The eight per cent fall in the numbers employed by Suffolk County Council, reported by the East Anglian Daily Times today, is substantial. But there is little in the way of an answer to the question of whether it is the right people who have gone.
Jane Storey, deputy leader of the council, told the paper:
We are restructuring the county and that is meaning that the number of jobs is falling. Most of those jobs are in administrative roles, coming from the restructuring, rather than in frontline services because we are aware that people still need the services we offer.
The information that a quarter of the 80 top paid staff have left in the past year, tends to confirm that claim.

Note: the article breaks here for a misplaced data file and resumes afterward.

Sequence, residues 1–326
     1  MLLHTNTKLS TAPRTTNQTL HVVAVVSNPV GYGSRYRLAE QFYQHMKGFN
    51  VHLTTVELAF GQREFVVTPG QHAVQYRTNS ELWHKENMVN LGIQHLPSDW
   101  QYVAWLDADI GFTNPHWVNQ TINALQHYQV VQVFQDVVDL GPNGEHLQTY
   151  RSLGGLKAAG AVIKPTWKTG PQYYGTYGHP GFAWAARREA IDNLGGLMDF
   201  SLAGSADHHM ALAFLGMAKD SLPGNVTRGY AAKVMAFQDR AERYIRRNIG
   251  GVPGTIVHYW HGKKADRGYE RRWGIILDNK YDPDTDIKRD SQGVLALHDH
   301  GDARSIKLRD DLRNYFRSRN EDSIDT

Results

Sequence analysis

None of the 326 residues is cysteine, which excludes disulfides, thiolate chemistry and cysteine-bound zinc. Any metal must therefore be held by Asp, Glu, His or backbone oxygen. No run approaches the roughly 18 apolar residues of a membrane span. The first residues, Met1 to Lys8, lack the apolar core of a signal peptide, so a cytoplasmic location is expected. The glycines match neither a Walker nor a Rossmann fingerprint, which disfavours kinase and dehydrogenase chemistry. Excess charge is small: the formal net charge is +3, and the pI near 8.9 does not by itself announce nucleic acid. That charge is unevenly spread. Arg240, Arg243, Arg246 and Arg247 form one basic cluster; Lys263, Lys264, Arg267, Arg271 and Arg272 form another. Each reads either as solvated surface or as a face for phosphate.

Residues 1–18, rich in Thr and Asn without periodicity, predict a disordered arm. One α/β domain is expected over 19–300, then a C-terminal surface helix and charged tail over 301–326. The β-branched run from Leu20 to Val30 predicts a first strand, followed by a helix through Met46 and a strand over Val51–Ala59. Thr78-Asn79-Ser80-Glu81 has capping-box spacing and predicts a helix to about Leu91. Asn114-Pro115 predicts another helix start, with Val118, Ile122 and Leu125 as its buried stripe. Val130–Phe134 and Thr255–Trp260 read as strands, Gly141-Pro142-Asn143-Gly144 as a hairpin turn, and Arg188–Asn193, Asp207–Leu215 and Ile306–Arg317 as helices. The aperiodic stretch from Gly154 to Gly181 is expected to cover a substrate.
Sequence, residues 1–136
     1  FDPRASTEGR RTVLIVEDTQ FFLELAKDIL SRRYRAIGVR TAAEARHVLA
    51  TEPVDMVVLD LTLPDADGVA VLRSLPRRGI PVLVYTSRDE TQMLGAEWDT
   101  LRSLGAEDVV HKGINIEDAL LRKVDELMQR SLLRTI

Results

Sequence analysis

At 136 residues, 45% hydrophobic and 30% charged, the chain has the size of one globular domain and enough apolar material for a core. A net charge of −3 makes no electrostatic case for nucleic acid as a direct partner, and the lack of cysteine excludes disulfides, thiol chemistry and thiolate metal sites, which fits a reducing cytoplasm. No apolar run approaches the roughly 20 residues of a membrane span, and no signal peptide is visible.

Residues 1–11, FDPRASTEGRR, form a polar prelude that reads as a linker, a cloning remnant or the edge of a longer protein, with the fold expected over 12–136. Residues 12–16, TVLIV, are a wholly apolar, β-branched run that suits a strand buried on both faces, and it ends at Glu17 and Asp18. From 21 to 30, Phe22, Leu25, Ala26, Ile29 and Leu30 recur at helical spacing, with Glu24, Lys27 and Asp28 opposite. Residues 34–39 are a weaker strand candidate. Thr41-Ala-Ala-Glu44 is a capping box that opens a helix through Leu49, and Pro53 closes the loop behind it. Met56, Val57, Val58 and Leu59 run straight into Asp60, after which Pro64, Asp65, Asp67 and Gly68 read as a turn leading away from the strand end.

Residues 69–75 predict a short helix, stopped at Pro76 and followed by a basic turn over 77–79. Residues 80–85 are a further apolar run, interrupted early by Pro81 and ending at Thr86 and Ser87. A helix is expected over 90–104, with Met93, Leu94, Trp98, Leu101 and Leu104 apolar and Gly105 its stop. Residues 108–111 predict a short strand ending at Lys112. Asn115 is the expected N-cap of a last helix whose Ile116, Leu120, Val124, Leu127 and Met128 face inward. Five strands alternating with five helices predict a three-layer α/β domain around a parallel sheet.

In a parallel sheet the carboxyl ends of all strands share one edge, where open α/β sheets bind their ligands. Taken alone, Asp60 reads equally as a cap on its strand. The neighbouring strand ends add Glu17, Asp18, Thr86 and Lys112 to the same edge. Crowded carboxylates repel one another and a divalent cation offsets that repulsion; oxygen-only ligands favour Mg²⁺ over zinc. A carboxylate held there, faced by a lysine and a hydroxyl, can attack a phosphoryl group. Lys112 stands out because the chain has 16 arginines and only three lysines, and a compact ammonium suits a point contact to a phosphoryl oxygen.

But Cathy Pollard, the opposition leader, said:
Part of the problem is we have to take these figures at face value because there is no longer an effective human resources panel at the county.
Having said that, it is not clear whether this news is good or bad. We want the council to be more efficient and this should be going along that way – but we don’t really know whether these jobs are administrative or frontline.
The drop in the number of senior managers has saved £1.8m, out of a £7m estimate, in nine months. Redundancy costs are not known.
The total number of employees has fallen by 851 to 9,605 in a year, contributing to cost savings of £18m last year. This was about £2.8m more than expected.
Ms Storey said the number of carers had remained the same while there were now more social workers supporting vulnerable children and adults.